Do our expectations get in the way of following Jesus?  Do we expect something more or better from God than what He is offering?  Click on the link below as we hear about Jesus of Nazareth.  He comes from a town least likely to be the home of the Messiah, and He calls Nathanael to "follow Me."


Click here for Sermon:  http://www.box.com/s/62qp0uyjmter468c1g4e

(The shield of Nathanael.  The knife recalls the tradition that says Nathanael was flayed alive.)

Quote from the Church Fathers - Clement of Rome

Clement of Rome:

"And we, too, being called by His will in Christ Jesus, are not justified by ourselves, nor by our own wisdom, or understanding, or godliness, or works which we have wrought in holiness of heart; but by that faith through which, from the beginning, Almighty God has justified all men; to whom be glory for ever and ever. Amen."

Clement of Rome was a Bishop of the church of Rome in the first century. Origen (born in the late 2d century) attests that he was the Clement mentioned in Philippians 4:3. The quote below is from Clement's epistle. Even as late as the 4th century Clement's epistle was actually read in many churches.

It is a wonderful confession of the evangelical faith though one should remember he is writing well before the controversies over justification in the Reformation period.

(Roberts, A.., Donaldson, J., & Coxe, A. C. (1997). The Ante-Nicene Fathers Vol.I : Translations of the writings of the Fathers down to A.D. 325 (13). Oak Harbor: Logos Research Systems.)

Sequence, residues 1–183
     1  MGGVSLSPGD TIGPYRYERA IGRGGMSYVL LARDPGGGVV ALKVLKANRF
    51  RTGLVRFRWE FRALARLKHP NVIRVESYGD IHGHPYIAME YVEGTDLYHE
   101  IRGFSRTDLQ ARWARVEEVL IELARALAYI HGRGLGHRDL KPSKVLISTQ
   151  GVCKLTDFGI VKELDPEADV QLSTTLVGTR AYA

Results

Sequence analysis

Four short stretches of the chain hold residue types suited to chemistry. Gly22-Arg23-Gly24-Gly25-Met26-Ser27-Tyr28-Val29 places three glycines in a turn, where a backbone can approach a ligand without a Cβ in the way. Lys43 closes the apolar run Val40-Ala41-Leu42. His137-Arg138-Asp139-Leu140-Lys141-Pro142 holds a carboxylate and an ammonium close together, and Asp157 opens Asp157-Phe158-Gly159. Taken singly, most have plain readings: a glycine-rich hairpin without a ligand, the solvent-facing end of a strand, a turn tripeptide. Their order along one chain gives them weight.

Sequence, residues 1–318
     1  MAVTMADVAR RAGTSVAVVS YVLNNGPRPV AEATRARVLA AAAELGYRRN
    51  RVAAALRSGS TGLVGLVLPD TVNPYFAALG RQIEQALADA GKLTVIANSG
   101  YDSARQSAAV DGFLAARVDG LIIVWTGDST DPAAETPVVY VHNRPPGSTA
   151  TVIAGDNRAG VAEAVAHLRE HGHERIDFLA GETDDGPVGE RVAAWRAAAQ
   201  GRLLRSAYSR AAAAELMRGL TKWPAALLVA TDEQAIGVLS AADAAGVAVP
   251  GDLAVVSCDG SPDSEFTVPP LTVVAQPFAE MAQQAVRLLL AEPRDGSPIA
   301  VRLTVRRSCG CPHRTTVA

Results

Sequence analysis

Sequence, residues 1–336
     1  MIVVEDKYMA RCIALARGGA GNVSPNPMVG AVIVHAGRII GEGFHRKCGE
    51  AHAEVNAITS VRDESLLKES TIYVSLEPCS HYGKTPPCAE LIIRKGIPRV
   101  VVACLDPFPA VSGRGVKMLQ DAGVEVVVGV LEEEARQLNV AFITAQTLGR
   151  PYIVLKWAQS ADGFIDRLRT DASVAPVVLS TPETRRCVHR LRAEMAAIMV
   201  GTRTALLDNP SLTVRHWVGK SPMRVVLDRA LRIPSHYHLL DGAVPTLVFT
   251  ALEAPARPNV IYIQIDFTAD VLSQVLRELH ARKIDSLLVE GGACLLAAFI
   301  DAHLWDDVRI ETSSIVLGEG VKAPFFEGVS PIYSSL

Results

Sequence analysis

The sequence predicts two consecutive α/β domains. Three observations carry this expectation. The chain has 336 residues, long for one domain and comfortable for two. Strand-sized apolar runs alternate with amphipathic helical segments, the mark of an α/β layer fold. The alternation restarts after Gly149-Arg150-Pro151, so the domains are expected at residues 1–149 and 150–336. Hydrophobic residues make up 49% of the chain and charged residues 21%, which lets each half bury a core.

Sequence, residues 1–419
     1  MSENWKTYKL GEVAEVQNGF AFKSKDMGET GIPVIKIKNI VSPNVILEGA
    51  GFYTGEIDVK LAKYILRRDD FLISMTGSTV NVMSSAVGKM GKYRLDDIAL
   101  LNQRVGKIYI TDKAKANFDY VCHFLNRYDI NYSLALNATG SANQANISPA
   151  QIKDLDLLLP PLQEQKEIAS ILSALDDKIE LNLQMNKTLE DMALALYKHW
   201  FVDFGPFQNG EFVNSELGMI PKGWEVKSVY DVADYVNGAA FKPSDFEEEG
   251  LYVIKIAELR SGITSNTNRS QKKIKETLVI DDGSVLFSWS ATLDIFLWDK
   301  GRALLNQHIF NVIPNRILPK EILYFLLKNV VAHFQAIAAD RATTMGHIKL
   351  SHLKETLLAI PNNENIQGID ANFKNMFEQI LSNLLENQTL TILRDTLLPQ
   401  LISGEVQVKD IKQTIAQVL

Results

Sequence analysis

Saturday, January 14, 2012

Does Jesus Destroy Religion? (click here)

I'm tired of people hitting on "religion" as if it is a bad thing. Religion is the worship of the Almighty. It is gathering together as His people and hearing His Word. There is nothing wrong with the concept of religion. The problem is false religion. True religion flows from the Father in the Son through the Spirit. It is receiving God's grace in Word and Sacrament. Christian, if you have been hitting on religion, stop it! It's nothing but pandering to a jaded society that loves to criticize the church.

Check out the link to Pastor Jonathan Fisk's You Tube video and see his response to another You Tube video that knocks religion.

Fisk's video is below. Either click the heading for this post or click the *heading* on the You Tube picture below. The original video he responds to is at: http://www.youtube.com/watch?feature=player_embedded&v=1IAhDGYlpqY


Wednesday, January 11, 2012

Nolan's Funeral Sermon (click here)

Click on the link above to hear the sermon for Nolan's funeral. IT takes an Epiphany theme as it was the Day of Epiphany when the funeral was held.

Hooray for the Supreme Court! (click here)

Our liberties have always been protected by men willing to fight for them. The fight happens both with the force of arms and in the power of great ideas (e.g.: "all men are created equal"). Pen, protestor, and sword defend liberty.

Yet, those liberties can stand or fall with the opinion of 9 people on the Supreme Court. It isn't the constitution that guarantees or freedom as much as it is the men who interpret and enforce it.

Hooray for the Supreme Court that unanimously (9-0) protected the liberty of Christian churches (and of all religions). Click on the heading above and read the post on Cranach blog about the Lutheran Church-Missouri Synod before the Supreme Court.